A huge effort has also been made to change the way that the national armies see the children they encounter in the theatre of war. Ugandan forces have signed an agreement that children recovered during anti-LRA operations cannot be used as scouts or mined for information on the location of rebel camps.

To bridge the language gap in the border lands, Unicef has even produced a cartoon-style book to teach troops some of the basics of child protection and children’s rights.

Some children have had to remain in care for more than six months as the search goes on for their homes and families. Others, like Anne, have trekked home by themselves out of the jungle. All of them carry the burden of their horrendous experiences.

Even if the opprobrium of a billion people online cannot immediately halt the Lord’s Resistance Army, it can ensure that its survivors have some chance of a new beginning. “Our work recognises the personal scarring that is left on a person and does what’s needed to help them overcome,” Ms Ironside says.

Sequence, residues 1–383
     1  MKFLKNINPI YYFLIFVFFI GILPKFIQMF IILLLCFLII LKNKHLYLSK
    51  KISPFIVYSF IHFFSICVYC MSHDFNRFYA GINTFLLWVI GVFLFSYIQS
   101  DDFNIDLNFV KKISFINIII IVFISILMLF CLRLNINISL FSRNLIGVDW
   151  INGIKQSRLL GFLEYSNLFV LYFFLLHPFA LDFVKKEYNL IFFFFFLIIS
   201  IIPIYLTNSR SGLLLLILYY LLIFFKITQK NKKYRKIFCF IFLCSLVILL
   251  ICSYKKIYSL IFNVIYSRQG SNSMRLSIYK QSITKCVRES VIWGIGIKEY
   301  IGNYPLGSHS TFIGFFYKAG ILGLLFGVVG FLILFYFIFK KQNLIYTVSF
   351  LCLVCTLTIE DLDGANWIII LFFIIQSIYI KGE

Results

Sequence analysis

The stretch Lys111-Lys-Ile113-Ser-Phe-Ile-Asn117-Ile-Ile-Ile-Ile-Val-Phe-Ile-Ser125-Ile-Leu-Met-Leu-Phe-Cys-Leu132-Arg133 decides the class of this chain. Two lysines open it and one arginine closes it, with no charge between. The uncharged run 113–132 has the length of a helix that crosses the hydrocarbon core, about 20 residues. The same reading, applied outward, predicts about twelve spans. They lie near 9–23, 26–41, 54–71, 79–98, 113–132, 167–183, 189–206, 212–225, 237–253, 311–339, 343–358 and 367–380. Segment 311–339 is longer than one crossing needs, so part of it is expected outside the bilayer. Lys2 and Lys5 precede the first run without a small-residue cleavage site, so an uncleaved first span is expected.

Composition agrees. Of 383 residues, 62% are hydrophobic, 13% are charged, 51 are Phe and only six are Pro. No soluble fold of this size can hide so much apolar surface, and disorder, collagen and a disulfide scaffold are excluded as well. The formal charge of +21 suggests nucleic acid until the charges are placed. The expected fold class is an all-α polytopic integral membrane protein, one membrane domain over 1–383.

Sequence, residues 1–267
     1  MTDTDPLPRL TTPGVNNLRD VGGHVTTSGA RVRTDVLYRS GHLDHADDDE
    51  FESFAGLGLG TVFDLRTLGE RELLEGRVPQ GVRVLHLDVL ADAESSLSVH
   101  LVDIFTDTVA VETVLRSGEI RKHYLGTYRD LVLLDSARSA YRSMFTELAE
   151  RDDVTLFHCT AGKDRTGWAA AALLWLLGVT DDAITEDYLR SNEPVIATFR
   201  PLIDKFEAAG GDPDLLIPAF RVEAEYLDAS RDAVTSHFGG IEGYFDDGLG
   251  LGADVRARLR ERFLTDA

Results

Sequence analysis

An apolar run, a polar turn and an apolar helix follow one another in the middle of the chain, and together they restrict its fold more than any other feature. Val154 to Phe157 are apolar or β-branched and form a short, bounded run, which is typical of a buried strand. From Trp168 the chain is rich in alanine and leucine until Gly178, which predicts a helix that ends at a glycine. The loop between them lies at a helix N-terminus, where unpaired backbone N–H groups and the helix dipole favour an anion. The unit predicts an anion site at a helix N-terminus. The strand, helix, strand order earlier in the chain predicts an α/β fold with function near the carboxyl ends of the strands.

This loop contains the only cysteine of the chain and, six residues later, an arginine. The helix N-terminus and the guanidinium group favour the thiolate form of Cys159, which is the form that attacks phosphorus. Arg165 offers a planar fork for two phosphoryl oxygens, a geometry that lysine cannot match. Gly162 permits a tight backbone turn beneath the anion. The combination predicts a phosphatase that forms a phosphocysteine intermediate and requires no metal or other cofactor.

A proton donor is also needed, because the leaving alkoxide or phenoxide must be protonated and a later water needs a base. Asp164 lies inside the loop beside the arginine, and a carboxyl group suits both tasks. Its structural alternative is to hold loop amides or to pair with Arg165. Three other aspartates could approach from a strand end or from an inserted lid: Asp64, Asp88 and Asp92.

Anne is not the real name of the child so brutally and repeatedly raped by Joseph Kony at just 10 years old. It has been changed to protect her identity as she tries to come to terms with a return to normality and the welcome humdrum of life.

After six months of silence, Anne, who is now 14, is in school. She has found her voice. Her life, which was so brutally interrupted, has – thanks to Unicef – begun again.

Unicef relies entirely on voluntary donations for all of its work with child soldiers. Please support The Independent’s Christmas appeal to help this vital work by going to www.unicef.org.uk/independent or calling 0800 037 9797

Small price, big impact

£150 could pay for psychological support for one child who has been rescued from the militias – this includes individual and group therapy and using play and drawing.

£25 could provide a child with all the essentials they need when they are first handed over by the armed forces – when they are rescued they often have nothing but the clothes on their backs. This “welcome kit” includes clothes, underwear, toothbrush and toothpaste, soap, blanket, mattress, and mosquito net.